Article

Locked Out

Vesper No. 4

2021

« C’est dans les prisons que l’idée de liberté prend le plus de force et peut-être ceux qui enferment les autres dedans risquent-ils de s’enfermer dehors. »

J. Cocteau, L’Impromptu du Palais-Royal


Auteurs

R.A.A.R

Umberto Napolitano

Silvia Lista

Éditeurs

Quodlibet

Publication

VESPER No. 4, Spring/Summer 2021
"Exiles and Exoduses"

The project of the Ideal City of Chaux, by Claude-Nicolas Ledoux, is one of the first examples of the tendency, common in the 19th century, to move prisons away from urban centres. Location aside, the relationship between prisons and context can be synthesised by the image of the insurmountable limit. The prison is a wall, a fence enclosing an other place, where freedom and rights are no longer the same.

Dostoevsky thought that the civility of a nation could be measured by the condition of its prisons. Once again, as Aldo Rossi stated, ‘architecture clearly represents only one aspect of a more complex reality, of a larger structure; but at the same time, as the ultimate verifiable fact of this reality, it constitutes the most concrete possible position from which to address the problem’.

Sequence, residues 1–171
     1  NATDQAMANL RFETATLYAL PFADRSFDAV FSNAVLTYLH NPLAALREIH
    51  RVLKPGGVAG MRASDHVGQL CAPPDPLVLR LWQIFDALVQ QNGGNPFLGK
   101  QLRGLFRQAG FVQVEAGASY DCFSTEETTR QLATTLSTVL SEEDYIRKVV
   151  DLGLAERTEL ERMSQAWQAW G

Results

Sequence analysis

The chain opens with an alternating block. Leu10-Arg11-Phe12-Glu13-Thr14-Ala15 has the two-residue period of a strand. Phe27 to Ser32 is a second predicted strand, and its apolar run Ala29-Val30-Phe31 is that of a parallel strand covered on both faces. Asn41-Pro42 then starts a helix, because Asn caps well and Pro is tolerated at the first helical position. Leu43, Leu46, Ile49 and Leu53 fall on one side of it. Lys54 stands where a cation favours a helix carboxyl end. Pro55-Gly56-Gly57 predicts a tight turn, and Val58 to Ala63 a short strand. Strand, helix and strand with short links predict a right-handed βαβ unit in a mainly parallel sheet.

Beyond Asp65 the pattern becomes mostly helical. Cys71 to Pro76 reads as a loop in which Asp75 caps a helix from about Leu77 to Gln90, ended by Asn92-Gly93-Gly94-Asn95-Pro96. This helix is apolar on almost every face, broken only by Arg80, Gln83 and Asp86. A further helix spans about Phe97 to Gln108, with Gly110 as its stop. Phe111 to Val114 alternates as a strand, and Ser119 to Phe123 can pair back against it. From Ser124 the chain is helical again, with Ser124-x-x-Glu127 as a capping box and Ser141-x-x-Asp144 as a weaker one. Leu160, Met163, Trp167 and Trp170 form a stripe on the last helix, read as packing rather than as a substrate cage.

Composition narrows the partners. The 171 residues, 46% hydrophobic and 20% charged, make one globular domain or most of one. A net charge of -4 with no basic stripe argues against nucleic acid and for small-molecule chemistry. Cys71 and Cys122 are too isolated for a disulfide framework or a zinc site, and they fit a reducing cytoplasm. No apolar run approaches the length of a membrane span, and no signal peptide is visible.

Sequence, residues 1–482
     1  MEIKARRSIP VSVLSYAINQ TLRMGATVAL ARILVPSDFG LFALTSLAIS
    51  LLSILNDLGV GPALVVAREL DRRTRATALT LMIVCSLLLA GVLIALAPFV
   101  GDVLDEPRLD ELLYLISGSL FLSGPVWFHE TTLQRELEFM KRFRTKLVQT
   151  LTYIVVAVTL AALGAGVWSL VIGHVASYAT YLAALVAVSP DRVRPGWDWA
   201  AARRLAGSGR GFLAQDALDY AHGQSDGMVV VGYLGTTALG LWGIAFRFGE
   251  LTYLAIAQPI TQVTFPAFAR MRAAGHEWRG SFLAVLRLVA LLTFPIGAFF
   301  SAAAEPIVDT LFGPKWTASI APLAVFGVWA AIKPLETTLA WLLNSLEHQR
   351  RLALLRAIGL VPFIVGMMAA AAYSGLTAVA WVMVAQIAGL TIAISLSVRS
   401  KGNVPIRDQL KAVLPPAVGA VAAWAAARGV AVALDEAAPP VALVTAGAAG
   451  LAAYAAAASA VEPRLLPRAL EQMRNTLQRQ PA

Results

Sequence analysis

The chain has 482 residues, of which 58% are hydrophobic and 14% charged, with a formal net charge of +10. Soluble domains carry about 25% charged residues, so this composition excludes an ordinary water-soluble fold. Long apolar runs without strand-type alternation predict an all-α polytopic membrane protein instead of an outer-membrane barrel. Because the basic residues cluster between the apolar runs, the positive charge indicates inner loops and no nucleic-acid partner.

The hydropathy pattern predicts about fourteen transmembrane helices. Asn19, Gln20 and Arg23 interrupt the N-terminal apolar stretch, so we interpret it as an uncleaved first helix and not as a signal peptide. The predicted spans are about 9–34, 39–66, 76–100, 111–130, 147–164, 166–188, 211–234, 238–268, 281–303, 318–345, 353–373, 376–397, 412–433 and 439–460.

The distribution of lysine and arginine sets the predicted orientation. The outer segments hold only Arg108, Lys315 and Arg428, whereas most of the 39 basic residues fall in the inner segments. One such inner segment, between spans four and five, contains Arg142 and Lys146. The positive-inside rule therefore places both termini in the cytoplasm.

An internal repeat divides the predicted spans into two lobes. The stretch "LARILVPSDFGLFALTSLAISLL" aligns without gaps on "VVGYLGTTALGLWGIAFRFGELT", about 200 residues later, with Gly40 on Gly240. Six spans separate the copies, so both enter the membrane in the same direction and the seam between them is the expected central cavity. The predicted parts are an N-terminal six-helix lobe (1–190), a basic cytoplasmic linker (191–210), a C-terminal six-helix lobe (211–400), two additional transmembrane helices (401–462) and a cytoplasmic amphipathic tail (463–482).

Architecture is indeed the mirror of a society. When it faces prisons, this mirror shows us the image of extreme situations: overcrowding, punitive law, isolation, radicalisation, relapses and rehabilitation hardships. The nature of these problems is mainly political and social, but architecture can take part in the debate and make them its own, thus contributing to the improvement of the quality of life in prisons.

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